I am currently in Colorado Springs, attending the National Association of Realtors Association Executive Institute (no, I’m not an NAR Association Executive ”“ they invited me to speak on “Applied Social Media”).
The conference is being held at the Broadmoor, a five-star resort hotel.
At the moment of arrival, the attention to detail and superior customer service was readily apparent. Granted, this is a resort hotel that’s been around for 90 years, so they know how to treat a guest.
But still, the customer service didn’t need to be this good.
Without fail, every single Broadmoor employee greeted me warmly and made me feel welcome. Every single one, every time.
The bellhop knew I was there for a speaking gig (because he asked. And listened). He asked me if I needed my suit pressed. I told him it was probably fine. The next morning they called, wanting to be sure my clothes were OK after I unpacked them.
My wake-up calls were personal, not some automated voice system. Every time they asked if there was anything I needed. Every time. Once the young lady said very nicely that I sounded really tired and asked if she should call back in 15 minutes to be sure I hadn’t fallen back asleep. She woke me from a great dream precisely 15 minutes later. Had she not offered to call back, I just might have missed my speaking engagement.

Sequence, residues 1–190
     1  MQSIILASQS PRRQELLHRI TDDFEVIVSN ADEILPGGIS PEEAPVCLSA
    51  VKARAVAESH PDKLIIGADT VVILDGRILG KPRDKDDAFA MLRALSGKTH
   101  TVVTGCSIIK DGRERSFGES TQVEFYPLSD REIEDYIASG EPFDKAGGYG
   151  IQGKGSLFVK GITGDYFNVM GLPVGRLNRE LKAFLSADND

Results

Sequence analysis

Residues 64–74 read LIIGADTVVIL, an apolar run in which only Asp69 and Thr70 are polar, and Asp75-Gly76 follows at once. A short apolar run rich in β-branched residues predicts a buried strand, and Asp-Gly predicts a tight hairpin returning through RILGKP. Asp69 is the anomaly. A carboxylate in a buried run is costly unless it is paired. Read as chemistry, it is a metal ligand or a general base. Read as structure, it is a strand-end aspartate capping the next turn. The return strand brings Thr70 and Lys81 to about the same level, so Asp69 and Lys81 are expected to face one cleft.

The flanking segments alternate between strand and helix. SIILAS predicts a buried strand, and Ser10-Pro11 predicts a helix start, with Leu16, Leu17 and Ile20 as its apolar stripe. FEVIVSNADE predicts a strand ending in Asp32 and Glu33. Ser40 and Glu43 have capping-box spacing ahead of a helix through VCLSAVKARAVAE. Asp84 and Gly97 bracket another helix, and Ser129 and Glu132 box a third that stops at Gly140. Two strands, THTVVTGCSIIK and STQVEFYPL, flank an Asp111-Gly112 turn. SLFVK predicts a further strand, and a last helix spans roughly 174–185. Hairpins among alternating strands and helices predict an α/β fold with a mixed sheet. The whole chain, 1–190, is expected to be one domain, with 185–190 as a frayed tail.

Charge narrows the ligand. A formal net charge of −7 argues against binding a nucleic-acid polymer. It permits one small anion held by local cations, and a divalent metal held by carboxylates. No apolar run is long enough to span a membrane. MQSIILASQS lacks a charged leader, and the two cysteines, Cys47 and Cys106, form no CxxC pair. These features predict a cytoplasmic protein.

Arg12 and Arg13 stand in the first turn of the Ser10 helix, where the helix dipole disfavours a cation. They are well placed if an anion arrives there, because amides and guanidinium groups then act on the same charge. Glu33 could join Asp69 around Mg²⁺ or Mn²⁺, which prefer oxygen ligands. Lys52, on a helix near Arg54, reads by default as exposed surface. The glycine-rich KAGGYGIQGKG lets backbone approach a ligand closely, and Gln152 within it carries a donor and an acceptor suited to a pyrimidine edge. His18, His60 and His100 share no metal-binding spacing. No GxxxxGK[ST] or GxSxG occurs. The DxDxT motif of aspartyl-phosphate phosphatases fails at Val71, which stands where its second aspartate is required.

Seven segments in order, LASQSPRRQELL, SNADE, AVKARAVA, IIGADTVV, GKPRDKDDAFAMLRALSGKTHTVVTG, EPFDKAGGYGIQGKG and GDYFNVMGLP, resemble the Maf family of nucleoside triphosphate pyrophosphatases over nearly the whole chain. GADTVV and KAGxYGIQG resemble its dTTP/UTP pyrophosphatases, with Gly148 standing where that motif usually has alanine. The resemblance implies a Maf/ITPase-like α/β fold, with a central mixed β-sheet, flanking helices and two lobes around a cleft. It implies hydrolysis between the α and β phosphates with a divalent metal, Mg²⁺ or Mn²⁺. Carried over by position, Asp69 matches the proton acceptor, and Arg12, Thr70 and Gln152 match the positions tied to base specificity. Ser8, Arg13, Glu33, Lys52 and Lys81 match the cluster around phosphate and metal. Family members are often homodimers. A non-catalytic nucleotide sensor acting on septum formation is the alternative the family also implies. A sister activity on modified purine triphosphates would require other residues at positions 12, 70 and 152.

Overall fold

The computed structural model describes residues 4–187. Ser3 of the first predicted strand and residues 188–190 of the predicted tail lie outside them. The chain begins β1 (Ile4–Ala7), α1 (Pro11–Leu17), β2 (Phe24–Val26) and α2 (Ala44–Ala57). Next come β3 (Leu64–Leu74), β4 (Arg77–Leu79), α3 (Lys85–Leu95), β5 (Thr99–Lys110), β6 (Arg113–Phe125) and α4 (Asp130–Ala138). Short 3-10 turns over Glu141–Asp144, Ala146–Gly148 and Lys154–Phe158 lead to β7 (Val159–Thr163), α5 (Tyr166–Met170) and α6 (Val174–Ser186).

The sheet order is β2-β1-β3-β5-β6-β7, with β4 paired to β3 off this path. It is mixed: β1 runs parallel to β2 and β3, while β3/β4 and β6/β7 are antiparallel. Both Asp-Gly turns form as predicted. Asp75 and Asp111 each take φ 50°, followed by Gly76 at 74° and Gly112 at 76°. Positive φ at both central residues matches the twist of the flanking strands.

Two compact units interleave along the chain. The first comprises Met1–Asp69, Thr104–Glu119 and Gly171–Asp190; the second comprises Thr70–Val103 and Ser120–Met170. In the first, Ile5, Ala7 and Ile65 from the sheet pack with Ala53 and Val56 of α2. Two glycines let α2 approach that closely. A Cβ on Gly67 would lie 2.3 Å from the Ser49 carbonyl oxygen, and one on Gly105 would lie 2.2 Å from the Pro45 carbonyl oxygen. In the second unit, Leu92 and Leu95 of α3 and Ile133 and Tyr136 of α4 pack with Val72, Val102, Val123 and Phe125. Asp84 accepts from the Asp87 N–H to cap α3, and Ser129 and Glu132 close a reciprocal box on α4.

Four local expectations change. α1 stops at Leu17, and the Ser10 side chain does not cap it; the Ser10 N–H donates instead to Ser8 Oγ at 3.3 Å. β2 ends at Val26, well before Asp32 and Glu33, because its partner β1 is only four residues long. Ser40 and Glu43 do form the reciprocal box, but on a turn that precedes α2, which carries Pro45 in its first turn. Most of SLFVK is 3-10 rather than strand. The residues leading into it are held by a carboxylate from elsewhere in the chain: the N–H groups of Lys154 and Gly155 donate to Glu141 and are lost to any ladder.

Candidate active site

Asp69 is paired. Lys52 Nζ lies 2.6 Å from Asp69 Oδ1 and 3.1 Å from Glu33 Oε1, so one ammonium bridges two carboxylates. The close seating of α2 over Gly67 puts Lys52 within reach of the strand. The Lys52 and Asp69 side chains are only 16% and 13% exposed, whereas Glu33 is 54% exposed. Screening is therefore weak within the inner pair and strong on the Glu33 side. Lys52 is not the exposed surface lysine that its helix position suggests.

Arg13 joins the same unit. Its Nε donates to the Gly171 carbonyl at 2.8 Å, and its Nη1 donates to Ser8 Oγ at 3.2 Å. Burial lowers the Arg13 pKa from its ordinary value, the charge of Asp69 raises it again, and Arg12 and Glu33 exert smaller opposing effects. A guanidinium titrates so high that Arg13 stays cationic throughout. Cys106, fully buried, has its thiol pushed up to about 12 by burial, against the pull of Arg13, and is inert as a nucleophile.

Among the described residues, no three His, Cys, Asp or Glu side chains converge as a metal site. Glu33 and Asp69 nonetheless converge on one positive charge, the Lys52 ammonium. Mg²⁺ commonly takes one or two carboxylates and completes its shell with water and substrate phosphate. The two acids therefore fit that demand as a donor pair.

So where am I going with all this?
“Jay, you were staying at a five-star resort. Of course the customer service was fabulous”, you might be thinking.
Indeed, fabulous customer service should be expected at a place like this. But it was the little things that really caught my attention. Would it have made my stay any less pleasant if the guy vacuuming the rug at 2:00am hadn’t said, “Good evening sir, how are you?” No. Was it entirely necessary for some staffer go out of the way to hold the door open for me? No.
What this type of service makes me ponder is this: are we doing everything humanly possible to make our real estate clients say, “Holy crap these guys are amazing!”
Nope. I do believe we provide great service. But there is always room for improvement.
I want every client, prospective client and even just the casual site visitor to go away thinking, “It can’t get any better than this”. I want to be the Broadmoor of real estate.
I’m not sure (yet) exactly what that will take, but I’m going to figure it out.